4. I have a hunch in understanding why the Lord Jesus had tested Philip on purpose. The Lord didn't require bread from Philip. It wasn't bread that he was looking for from him, but it was faith that he wanted from him. He was looking for a faith that believed that the Lord Jesus and God the Father were one. If we put that another way, it would mean that God was with [Philip] in a fellowship which was brought together by the Lord Jesus. It would mean that God the Father was certainly there with [Philip] in the fellowship that comes according to the name of the Lord Jesus. And the Lord Jesus was supposed to have already taught [him] to pray to God the Father with "May you give us our daily bread." This is nothing other than a confession in our every day worlds that we depend on the Father for all our needs and that through Him comes our life and support. The Lord expected him to look with him to God the Father. He was testing whether he believed that God the Father was with the Lord Jesus and that he was at work through the Lord Jesus.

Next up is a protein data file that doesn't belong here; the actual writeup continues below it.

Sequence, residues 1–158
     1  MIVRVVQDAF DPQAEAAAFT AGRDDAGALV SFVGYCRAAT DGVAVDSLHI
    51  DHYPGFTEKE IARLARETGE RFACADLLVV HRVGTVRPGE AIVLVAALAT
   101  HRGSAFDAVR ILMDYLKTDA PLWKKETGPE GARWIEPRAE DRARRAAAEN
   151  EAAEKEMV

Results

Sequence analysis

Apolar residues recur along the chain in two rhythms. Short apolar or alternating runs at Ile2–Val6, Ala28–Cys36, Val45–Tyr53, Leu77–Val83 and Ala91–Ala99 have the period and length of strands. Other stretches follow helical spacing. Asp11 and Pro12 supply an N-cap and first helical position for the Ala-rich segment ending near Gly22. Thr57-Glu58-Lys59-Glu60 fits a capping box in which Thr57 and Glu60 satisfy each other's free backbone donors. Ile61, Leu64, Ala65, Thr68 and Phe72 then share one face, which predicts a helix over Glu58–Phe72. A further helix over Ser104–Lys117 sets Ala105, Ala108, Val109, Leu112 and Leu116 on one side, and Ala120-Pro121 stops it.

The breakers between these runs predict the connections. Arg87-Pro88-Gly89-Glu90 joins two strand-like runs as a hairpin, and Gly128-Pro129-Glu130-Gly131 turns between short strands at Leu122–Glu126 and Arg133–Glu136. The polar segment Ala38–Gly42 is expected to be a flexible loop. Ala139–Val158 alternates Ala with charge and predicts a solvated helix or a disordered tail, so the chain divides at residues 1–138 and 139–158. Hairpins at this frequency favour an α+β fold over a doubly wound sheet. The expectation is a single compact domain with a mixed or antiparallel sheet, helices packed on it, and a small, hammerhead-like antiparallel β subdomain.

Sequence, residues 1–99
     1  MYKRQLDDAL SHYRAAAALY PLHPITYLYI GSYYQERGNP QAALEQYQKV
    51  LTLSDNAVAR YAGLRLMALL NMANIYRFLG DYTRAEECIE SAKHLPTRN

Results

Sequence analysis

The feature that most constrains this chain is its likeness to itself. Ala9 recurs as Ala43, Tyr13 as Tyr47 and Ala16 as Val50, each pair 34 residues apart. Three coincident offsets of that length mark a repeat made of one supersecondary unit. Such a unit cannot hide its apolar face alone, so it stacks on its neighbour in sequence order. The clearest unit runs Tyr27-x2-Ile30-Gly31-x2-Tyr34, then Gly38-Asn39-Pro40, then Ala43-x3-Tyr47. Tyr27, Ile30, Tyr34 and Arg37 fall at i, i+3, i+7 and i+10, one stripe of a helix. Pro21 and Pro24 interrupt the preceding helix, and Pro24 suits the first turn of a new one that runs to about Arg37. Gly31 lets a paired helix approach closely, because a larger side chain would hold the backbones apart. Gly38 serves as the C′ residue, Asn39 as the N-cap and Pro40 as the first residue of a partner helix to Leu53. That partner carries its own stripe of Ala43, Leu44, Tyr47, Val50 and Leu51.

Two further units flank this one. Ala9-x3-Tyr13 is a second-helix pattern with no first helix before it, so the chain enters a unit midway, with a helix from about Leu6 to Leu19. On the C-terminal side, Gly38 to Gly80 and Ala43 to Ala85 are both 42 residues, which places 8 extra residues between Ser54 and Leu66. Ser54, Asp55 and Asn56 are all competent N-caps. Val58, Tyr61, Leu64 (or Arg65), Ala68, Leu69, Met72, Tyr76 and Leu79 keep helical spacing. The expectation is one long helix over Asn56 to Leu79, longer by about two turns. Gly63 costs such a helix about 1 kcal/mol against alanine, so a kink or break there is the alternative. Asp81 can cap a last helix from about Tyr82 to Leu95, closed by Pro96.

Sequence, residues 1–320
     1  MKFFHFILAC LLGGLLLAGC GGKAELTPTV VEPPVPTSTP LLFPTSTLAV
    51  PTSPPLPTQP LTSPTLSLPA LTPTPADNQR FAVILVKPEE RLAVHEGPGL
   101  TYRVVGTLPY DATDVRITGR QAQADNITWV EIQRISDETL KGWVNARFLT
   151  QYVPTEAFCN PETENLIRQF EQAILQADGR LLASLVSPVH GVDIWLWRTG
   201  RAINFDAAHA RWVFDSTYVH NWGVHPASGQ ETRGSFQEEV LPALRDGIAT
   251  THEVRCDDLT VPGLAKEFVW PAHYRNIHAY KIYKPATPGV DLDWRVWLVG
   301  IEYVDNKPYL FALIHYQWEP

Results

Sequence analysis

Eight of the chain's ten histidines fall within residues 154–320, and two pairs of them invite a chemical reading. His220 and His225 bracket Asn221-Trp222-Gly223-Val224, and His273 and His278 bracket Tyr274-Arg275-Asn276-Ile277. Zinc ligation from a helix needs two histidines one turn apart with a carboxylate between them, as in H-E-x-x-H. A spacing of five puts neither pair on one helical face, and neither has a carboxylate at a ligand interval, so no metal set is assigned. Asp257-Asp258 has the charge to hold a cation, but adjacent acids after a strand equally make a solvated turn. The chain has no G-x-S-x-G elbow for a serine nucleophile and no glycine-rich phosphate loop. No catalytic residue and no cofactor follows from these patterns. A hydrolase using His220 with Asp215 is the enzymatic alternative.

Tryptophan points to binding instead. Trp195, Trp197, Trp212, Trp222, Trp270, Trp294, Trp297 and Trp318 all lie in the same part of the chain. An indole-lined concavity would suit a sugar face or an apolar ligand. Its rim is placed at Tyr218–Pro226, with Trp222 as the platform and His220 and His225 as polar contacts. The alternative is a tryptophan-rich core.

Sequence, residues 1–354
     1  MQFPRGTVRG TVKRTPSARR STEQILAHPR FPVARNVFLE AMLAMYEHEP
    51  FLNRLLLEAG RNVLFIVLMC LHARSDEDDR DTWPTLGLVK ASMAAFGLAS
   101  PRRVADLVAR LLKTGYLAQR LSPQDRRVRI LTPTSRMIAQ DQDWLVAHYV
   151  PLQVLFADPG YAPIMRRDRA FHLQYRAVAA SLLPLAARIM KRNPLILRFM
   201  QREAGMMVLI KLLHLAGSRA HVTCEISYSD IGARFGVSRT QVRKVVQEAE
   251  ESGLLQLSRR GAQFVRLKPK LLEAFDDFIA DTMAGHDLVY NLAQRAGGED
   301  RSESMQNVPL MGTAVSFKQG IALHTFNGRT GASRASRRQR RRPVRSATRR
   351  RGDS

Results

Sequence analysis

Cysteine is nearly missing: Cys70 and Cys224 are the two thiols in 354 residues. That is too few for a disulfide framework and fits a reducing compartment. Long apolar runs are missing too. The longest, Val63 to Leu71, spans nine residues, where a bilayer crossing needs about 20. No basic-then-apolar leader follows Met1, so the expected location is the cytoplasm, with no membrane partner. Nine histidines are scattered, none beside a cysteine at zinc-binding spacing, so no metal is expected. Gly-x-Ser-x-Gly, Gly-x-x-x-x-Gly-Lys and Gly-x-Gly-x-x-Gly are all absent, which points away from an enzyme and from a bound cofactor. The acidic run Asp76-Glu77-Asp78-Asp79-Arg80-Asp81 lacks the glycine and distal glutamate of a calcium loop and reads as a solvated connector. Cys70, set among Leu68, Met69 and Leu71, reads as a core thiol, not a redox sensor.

5. It is the same for us who are assembled in the name of the Lord Jesus. The Lord Jesus is not looking for our bread. The important thing is not whether we have enough bread or not, but whether we have faith. Therefore, the Lord Jesus is also testing us. He is testing us to make us see whether we are gathered in the name of Christ and the status of our being with Him. The purpose of his testing is so that we also along with Christ look to God the Father. If we don't see this and do not turn our eyes on the Father God [that] Christ [belongs to], in the end, we won't be able to avoid finishing with powerless statements like, "This won't be enough." And how many situations like that there will be! Since Jesus is showing us this sign, we must nail the fact that he tested Philip deep into our hearts.